Concrete work has started on a newly planned Effluent Management Facility at the Hanford vitrification plant to allow treatment of some waste to begin within a decade.
The new project is intended to take on some of the work of the vitrification plant’s Pretreatment Facility, which is not required to commence operations until 2033 under the revised federal court consent decree issued last week.
Technical issues have delayed work on the parts of the vitrification plant that will handle high-level radioactive waste — the Pretreatment and High-Level Waste facilities.
The new project is a workaround to allow the Department of Energy to treat low-activity radioactive waste as soon as 2022 or 2023.
One facility will need to be built for the front end of the operation — preparing a stream of low-activity waste from the contents of underground storage. A smaller waste preparation facility with limited capabilities is planned to be built in the tank farms.
A second facility — the one on which work has started — is needed for the back end of operations. It will condense secondary waste, or waste collected in the plant’s off-gas system, until the Pretreatment Facility is up and running.
Right now it’s progressing well.
Jason Young, DOE project director
It will be needed by the end of 2022, when DOE is required under the newly amended consent decree to start cold commissioning, or test operations without using radioactive waste, of its Low Activity Waste Facility at the vitrification plant.
DOE plans a “design-build” project with design work continuing to be done as construction progresses on the facility.
The design-build process being used for the main vitrification plant is a process no longer approved by DOE for large, complex construction projects. But it is acceptable for the Effluent Management Facility because it is using known technology already developed for parts of the Pretreatment Facility not affected by technical issues, according to DOE.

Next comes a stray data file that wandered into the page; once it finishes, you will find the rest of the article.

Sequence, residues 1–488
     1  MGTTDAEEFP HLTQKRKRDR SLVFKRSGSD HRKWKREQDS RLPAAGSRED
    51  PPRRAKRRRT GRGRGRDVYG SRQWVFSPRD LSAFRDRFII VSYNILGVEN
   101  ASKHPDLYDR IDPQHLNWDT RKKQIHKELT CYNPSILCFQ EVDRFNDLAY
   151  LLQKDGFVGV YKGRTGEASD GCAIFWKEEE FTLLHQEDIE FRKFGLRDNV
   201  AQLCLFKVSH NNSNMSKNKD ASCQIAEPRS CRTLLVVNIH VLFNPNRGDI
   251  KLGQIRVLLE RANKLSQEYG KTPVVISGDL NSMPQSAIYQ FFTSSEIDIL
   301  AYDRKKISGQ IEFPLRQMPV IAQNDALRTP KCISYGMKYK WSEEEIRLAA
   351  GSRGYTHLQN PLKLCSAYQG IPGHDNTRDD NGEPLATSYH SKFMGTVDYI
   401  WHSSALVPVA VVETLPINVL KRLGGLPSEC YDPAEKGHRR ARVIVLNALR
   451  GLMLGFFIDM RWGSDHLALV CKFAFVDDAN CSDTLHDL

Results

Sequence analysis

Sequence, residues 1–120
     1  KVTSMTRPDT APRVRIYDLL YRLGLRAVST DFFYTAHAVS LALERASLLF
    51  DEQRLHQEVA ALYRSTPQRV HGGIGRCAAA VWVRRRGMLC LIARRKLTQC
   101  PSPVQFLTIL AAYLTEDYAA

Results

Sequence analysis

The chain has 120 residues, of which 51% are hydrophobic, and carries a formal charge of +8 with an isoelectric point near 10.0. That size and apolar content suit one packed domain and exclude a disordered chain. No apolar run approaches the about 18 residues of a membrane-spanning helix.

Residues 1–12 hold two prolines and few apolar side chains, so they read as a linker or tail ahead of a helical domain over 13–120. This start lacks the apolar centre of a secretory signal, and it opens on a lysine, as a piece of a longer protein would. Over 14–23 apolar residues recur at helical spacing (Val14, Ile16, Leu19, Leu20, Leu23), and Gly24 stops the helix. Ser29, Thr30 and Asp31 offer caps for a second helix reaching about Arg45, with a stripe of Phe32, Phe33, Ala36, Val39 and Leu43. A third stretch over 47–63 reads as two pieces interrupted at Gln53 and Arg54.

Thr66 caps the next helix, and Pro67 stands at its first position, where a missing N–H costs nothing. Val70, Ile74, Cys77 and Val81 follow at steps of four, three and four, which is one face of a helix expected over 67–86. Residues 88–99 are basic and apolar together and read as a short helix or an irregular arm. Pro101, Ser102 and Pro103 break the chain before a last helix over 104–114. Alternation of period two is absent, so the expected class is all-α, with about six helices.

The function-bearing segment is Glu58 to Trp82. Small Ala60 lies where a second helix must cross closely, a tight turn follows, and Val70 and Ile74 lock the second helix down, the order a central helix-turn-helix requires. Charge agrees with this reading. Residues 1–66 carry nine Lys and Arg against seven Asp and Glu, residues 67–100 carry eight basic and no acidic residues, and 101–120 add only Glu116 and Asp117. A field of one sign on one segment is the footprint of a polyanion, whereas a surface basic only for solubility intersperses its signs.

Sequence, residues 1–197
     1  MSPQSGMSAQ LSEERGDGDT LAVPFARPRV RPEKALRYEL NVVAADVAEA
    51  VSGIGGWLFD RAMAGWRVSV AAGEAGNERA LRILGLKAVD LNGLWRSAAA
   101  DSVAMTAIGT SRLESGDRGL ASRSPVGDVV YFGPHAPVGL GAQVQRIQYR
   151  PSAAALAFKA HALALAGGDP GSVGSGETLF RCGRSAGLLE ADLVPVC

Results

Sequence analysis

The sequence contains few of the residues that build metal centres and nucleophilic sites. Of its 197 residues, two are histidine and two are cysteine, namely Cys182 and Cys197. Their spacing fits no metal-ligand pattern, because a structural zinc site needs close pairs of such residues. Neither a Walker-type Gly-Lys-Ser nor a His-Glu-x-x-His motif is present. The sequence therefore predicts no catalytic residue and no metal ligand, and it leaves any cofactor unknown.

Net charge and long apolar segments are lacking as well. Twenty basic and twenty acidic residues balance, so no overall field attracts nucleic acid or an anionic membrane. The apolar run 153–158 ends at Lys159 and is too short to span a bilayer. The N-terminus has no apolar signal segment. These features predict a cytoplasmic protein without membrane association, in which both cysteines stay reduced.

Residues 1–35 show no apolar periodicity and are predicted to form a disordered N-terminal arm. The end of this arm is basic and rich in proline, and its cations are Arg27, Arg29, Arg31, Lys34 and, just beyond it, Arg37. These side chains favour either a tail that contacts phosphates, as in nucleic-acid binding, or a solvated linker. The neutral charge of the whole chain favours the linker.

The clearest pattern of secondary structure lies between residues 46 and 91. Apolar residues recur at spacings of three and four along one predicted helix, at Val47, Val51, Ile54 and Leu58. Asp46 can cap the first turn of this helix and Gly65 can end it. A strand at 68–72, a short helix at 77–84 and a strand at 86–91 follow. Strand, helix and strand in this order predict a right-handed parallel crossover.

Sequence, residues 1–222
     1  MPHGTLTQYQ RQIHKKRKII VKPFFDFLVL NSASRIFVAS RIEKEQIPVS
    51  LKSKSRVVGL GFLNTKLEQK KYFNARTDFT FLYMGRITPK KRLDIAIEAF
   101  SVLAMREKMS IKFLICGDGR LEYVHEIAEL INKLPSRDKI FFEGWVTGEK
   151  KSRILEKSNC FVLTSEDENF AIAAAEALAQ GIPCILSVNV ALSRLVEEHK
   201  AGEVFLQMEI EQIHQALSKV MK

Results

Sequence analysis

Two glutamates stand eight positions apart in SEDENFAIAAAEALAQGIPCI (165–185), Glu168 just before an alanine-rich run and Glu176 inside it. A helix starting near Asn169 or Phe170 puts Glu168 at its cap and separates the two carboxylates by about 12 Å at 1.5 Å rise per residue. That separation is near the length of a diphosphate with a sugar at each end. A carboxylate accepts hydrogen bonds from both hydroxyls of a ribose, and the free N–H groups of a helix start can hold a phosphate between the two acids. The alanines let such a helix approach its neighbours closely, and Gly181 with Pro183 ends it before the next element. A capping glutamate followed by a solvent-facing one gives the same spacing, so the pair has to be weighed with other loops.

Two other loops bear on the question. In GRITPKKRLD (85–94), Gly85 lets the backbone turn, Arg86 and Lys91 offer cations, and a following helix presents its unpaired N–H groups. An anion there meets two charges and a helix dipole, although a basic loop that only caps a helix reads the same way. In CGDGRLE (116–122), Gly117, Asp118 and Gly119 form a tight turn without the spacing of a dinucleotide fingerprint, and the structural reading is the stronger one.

Ground was broken on the Effluent Management Facility in December, with the design about 30 percent complete. Design now is about 45 percent complete and concrete is being laid for the below-ground base of the building by Bechtel National, the vitrification plant contractor.
“Right now it’s progressing well,” said Jason Young, DOE project director for the vitrification plant support facilities, in a statement. “Construction and design are on schedule, and we are looking for opportunities to improve schedule where possible.”
The planned building will be about 18,400 square feet with sturdy concrete construction and steel tanks. Work to purchase the tanks has started.
The Low Activity Waste Facility will mix waste with glass-forming material and heat it to 2,100 degrees Fahrenheit to create a stable glass waste product that will be buried at a Hanford landfill.
New consent decree requires the vit plant to be ready to treat low-activity waste in 2023, but DOE and the state have discussed starting treatment in 2022.
The low-activity waste captured in the off-gas system during processing will be sent to the new Effluent Management Facility for evaporation. Less-contaminated fluid will be sent to the Effluent Treatment Facility a mile north of Hanford for treatment with other Hanford waste.
The remaining, more contaminated concentrate will be sent back to the Low Activity Waste Facility for vitrification.
The new facility also will have an 8,400-square-foot utility building to house electrical cabinets, among other equipment.
DOE does not plan to release information about the cost of the new facility while it is in contract negotiations with Bechtel.
Before the walls of the main building start to go up, the official start of construction, DOE will need a Washington state permit. It could be ready in November, although the state said it was too early to confirm that.
The state Department of Ecology is working closely with DOE and Bechtel to develop permit documents, which are part of the vitrification plant permits, according to the Department of Ecology. DOE has only submitted draft permit documents so far.
The state has supported plans to start treating low-activity waste for disposal before the entire plant is fully operating, which is required by 2036.